Václav Havel: Living in Truth
October 5, 1936 - December 18 2011
Havel was one of my heros though I know far less about his life and works than I ought. Life is short, my reading list long.
I paid more attention to him and his writings when I was living in Europe, between 1986 and 1995, though usually only what I came across in one of the many newspapers that I read back in those largely pre-internet days. He was in the news a great deal as Communism fell in Eastern Europe, so there was a lot on him as he moved from dissident prisoner to president of Czechoslovakia within a matter of months. I now have more access, due to the internet, but far less time, so I've read less of him in more recent years.
He died only a couple of weeks ago, as everyone knows, and I was moved to look for something appropriate to mark his passing, so when I found these words of his from a 2008 interview conducted by a fellow ex-dissident, Adam Michnik, in which Michnik asked Havel what advice he would give to a young person today on how to live, I had what I needed:
The basic imperative:To live in truth. A high calling, not easy to harken to since one might also have to die for truth, but Havel lived this imperative despite the risk, and so should we.
"To live in truth"
[This] has its tradition in Czech philosophy but basically has biblical roots -- it does not mean just the possession or communication of information. Because information, like a virus, circulates in the air so one person may absorb more and another one less. Truth, however, is a different matter because we guarantee it with our own self. Truth is based on responsibility. And that is an imperative that is valid in every age. Obviously, it takes slightly different forms today. Luckily, you don’t have to hang portraits of a Havel, or a Klaus or a Kaczyński in the shop windows anymore and of course we no longer live under totalitarian pressure -- but that doesn't mean we've won. We still need what I refer to as an "existential revolution" even though it might look different in different places.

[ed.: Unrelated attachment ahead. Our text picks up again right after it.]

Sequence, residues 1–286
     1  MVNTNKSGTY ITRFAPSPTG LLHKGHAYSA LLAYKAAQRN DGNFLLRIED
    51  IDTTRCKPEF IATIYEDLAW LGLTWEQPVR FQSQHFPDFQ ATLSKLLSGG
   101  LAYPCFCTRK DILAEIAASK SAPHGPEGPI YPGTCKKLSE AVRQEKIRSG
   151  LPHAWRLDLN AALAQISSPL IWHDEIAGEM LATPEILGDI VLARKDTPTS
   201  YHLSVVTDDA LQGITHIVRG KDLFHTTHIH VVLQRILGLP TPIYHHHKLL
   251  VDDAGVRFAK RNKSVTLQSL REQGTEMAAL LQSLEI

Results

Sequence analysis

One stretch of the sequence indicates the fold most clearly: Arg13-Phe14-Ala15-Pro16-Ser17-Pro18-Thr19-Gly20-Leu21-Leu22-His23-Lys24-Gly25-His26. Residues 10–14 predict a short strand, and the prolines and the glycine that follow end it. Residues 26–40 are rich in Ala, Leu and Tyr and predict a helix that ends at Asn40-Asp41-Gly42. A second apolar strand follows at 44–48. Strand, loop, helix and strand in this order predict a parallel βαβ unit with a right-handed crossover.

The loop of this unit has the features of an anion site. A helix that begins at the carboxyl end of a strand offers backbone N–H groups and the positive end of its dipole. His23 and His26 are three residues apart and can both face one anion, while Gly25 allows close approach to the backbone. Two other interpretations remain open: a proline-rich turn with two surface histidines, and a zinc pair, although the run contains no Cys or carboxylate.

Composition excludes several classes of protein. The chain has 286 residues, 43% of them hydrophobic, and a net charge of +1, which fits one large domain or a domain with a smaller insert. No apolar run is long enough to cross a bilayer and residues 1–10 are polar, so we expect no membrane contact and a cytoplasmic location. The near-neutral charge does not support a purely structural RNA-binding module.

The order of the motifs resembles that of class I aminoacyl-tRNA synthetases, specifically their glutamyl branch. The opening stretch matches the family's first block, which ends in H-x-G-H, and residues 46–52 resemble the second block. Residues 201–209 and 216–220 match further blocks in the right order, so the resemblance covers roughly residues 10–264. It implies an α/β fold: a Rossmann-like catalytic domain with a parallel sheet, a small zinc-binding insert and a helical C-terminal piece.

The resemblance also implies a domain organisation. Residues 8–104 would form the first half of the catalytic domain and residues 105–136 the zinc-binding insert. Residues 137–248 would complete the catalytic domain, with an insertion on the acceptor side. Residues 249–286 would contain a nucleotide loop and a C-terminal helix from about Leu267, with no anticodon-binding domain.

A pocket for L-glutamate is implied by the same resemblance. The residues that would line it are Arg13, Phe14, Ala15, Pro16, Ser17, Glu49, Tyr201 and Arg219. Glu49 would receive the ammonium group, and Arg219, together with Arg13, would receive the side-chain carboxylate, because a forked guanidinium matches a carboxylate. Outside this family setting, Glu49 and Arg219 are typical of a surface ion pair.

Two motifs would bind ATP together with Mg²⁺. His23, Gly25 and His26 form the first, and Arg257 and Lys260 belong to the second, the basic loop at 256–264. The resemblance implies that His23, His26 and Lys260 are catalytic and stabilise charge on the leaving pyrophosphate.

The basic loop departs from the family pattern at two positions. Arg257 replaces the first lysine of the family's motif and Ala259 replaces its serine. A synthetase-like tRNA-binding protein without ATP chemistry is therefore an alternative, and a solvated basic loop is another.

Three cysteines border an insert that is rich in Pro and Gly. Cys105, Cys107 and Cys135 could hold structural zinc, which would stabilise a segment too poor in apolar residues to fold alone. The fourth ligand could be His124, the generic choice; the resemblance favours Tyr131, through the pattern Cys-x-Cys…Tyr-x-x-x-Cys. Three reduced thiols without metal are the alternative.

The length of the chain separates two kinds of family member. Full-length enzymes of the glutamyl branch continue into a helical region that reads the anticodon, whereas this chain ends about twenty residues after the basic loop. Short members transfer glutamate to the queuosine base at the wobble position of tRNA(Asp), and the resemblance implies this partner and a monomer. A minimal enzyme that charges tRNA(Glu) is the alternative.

But basically, what matters is that you have to stand up for what you believe is the truth. (Adam Michnik, "After the Velvet, an Existential Revolution?" Gazeta Wyborcza, November 20, 2008)
Requiescat In Pace, Havel. You've earned it if anyone has.